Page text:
Mindfulness for Brain Health
Prolonged stress is a risk factor for dementia. “But everyone has stress!” you say. And yes, you are right. Everyone has stressful periods. However, some people cope better with stress than others.
It’s this ability to cope that lowers risk for dementia. While different coping tools work for different people, meditation has been linked with stress reduction.
So how does meditation work in the brain?
Meditation can be simply defined as a period of deliberate reflection with attention to the present time, place, and experience. Meditation improves both attention span and emotional regulation, or your ability to manage ongoing emotions. Researchers have uncovered changes in brain activity and brain structure during meditation, specifically a form of meditation called mindfulness meditation.
Meditation is associated with a reduction in heart rate and blood pressure, two factors also influencing cognitive health.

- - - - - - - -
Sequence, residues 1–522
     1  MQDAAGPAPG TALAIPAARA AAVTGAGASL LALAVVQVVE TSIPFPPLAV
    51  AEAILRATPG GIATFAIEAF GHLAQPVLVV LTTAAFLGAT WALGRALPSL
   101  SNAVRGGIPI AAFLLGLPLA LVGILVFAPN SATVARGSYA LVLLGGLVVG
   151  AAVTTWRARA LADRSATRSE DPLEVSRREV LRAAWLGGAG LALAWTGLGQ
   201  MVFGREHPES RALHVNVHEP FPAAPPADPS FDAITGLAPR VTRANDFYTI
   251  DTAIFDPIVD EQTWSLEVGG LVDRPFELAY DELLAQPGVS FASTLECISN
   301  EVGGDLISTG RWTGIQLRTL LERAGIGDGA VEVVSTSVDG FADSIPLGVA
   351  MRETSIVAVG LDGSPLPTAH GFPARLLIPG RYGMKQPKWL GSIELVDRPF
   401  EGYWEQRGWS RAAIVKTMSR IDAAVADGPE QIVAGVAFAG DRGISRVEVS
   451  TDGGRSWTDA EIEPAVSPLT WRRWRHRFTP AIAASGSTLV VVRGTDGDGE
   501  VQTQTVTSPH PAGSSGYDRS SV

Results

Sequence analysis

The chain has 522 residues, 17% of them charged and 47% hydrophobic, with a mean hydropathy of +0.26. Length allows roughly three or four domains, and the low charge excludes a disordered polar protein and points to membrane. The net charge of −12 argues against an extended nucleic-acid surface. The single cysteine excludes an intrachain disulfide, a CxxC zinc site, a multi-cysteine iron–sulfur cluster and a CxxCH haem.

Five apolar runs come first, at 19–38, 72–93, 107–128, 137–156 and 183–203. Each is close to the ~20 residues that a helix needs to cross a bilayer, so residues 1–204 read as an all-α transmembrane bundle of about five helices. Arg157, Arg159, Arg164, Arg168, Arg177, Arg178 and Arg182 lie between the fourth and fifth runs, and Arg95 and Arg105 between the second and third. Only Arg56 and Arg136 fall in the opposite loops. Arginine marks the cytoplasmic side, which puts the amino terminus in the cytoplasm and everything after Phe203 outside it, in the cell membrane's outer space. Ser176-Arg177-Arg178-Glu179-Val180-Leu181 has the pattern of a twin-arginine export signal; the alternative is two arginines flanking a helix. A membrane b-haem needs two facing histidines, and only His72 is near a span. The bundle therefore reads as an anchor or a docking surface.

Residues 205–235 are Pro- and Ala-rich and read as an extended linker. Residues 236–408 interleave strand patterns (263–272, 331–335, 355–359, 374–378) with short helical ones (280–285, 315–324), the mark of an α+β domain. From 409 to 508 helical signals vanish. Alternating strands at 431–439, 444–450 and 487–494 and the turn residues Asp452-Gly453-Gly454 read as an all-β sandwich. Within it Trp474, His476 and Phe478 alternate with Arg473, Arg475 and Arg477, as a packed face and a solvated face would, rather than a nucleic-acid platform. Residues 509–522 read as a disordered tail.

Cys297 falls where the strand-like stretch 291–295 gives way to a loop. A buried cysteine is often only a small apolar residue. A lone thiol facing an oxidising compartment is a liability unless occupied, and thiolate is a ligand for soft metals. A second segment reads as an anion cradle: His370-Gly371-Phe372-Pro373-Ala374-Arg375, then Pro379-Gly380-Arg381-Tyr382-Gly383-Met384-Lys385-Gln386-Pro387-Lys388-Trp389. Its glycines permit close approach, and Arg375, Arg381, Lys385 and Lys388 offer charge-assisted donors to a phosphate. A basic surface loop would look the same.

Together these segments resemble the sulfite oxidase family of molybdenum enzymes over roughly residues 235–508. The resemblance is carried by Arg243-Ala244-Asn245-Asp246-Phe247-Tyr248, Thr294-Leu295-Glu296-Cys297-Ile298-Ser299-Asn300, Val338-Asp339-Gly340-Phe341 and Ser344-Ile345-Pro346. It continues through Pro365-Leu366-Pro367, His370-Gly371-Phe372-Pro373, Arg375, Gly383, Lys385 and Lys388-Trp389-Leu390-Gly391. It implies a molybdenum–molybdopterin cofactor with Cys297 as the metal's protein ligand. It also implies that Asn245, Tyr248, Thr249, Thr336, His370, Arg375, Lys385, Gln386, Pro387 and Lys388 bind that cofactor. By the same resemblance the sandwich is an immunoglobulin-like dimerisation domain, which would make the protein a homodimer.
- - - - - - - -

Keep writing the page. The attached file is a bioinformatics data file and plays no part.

Mindfulness meditation focuses on the experiences of the present moment. This type of meditation encourages removing any feelings of judgment you have towards feelings or thoughts you experience while meditating.
Researchers have studied the brain activity of people while meditating and found brain activity clustering in 3 areas. The prefrontal cortex, entorhinal cortex and caudate regions of the brain each showed increased activity. These regions of the brain control self-awareness, stream of consciousness, and attention span.
Science still has a lot of work to do to fully understand how meditation changes the brain. We do know that there is very little risk to trying meditation. It’s associated with a reduction in heart rate and blood pressure, two factors also influencing cognitive health. Not sure where to get started? You can download an audiobook, podcast or free meditation app for your phone or tablet. Many community centers also offer free or low cost meditation groups.
- Tang, Y.-Y., Hölzel, B. K., & Posner, M. I. (2015). The neuroscience of mindfulness meditation. Nature Reviews. Neuroscience, 16(4), 213–225. https://doi.org/10.1038/nrn3916